A reader from Oregon named Scott writes in the following question:
“After a long run (say 3 hours), as soon as I stop, my legs, which were just tired up until that point, stiffen up and start to really hurt. This only lasts an hour or two — it’s back to mild soreness by the next day — but I was wondering if there’s anything I can do to reduce the pain. OK, I know what you’re going to say: active cool-down and patient, gentle stretching. But here’s the thing. It’s winter in Oregon, I’m running back to my tiny car, it’s raining, and cold, and it I stop or slow down for either of those two things I’m going to freeze to death. Other ideas?”
This is a great question Scott, but I won’t go directly to stretching and easy cool-downs.
It isn’t totally clear from your question, but I’m going to assume that you are only having this problem when the weather is cold. If that’s the case, then let’s look at some things that would make you stiffen up after a cold run and work on those.
What would be the causes of stiff legs after a cold and rainy run? First, there’s the cold itself during the run and after. Then there are the other common issues that cause cramps and stiffness: hydration issues and a loss (or lack of) potassium and magnesium.
Cold during the run
The first thing that comes to mind with stiff legs and cold runs is whether the leg muscles themselves are being kept warm during the run. When you’re running in the cold, make sure that you’re covering up your skin and keeping those legs warm. Too many runners, I feel, leave too much skin exposed during those long, cold, rainy runs. When the muscles are cold, they aren’t as loose and flexible. If it’s really cold, the body will also pull blood flow away from the working muscles of the legs to keep your core organs warm, meaning that the muscles won’t work as well as normal.
So try wearing tights – or even a sweat-pant over your tights – and see if that helps keep your legs warmer and feeling better. One thing that I’ve used for this are cycling pants: they have a wind-shield on the front and regular tights material in the back. These tend to be much warmer and keep my quads from getting cold.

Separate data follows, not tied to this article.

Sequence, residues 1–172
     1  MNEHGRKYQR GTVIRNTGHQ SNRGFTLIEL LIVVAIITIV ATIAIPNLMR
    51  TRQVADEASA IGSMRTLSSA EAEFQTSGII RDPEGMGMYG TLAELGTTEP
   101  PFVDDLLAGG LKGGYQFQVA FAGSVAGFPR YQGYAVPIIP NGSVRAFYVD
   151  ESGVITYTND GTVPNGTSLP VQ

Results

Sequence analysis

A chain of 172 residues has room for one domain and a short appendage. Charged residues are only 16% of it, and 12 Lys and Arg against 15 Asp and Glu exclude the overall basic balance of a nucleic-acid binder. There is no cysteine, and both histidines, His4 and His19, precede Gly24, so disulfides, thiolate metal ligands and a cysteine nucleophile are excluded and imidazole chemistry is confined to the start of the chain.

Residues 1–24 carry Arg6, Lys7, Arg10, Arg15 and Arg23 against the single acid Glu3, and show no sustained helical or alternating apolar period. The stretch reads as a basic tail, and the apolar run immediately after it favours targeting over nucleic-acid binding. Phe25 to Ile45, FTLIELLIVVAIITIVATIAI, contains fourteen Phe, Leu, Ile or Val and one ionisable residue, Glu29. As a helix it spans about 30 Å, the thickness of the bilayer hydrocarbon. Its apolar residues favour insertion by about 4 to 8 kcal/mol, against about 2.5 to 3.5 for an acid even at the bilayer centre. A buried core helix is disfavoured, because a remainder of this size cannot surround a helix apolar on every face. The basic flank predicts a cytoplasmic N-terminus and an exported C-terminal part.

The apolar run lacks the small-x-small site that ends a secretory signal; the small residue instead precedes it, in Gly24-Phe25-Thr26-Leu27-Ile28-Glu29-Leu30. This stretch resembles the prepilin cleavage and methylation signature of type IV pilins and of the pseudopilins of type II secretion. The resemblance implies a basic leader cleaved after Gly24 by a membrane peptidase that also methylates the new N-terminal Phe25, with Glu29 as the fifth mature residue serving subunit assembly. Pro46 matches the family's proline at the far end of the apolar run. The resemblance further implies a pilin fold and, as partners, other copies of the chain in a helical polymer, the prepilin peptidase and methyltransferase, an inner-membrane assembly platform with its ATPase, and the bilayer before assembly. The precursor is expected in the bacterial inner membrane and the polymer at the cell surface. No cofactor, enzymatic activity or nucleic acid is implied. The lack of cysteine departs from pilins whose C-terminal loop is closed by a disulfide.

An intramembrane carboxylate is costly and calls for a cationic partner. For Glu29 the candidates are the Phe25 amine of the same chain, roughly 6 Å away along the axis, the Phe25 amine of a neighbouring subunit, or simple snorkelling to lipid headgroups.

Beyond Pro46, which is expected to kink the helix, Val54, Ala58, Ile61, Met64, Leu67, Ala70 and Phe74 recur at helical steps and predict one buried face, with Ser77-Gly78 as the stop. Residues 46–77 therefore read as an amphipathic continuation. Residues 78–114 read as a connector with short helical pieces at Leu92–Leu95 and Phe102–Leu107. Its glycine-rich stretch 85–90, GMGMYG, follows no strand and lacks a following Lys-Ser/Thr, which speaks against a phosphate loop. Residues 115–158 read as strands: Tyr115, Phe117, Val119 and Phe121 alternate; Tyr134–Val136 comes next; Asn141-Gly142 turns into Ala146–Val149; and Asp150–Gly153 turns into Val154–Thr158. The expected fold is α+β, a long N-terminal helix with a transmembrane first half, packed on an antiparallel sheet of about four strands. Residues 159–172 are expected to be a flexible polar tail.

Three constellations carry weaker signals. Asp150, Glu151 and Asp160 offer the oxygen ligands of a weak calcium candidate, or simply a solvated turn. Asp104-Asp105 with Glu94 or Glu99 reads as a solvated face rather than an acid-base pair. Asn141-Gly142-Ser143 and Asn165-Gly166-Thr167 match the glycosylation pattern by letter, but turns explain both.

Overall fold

Cold after the run
The next thing that I picked up on is that Scott says that he’s whisking himself off to his car to get out of the rain and cold, which is pretty typical of a run in a cold climate. But the alternative here is to have some heavy clothes in the car ready to pull on after the run for your cool down and stretching. I usually have a heavy jacket and dry clothes in the back of my car so that I can get warm right after my runs. If you’re soaking wet, you’re going to freeze – but get those wet clothes off and you won’t be nearly as cold.
Another alternative would be to run from a place where you can get warm right afterwards – like your gym. Once you’re done with your run, you could get into a warm place to do your cool down and stretching – on an indoor track, for example.
Keep in mind that if you are working hard out in the cold and you then you come to a stop, your body temperature is going to plummet. There was a recent study that looked at mountain climbers and found that their core temperatures actually rose significantly under the heavy workload of climbing and then fell dramatically when they stopped moving. These big swings in temperature are not good for the body. Make sure that once you stop moving, you get the body warm quickly and stay warm.
Muscle function and cramps are often tied directly to dehydration and electrolyte depletion. This is an obvoius problem in the heat, but too many runners forget about their hydration when it’s cold outside. The thought process is most likely that “I’m sweating less, so I should be able to drink less.” Part of that is true: you can drink less when you’re losing less fluid to sweat. But you are still sweating when it’s cold and, in fact, you may be sweating quite a bit if you’re dressed in heavier clothing. So drink plenty of fluid before, during and after your runs to avoid cramps and stiffness afterward. Don’t forget about this in the cold.
Cramps in runners are usually caused by loss of, or a lack of, magnesium and potasium. Make sure that you’re using a hydration or fluid replacment drink with plenty of these important electrolytes to keep the cramping to a minimum.
Again, make sure that you’re not ignoring electrolyte loss and hydration on cold runs. It’s pretty easy to head out the door with less fluid (or none) on a cold day, but you still need it and it may be a contributor to the stiffness at issue here.
I hope that you’ll give some of these ideas a try and that it will help get to the bottom of the problem. Good luck!
Your training questions are always welcomed. Post a comment on any page of the blog.
Coach Joe English, Portland Oregon, USA
Running Advice and News (www.running-advice.com)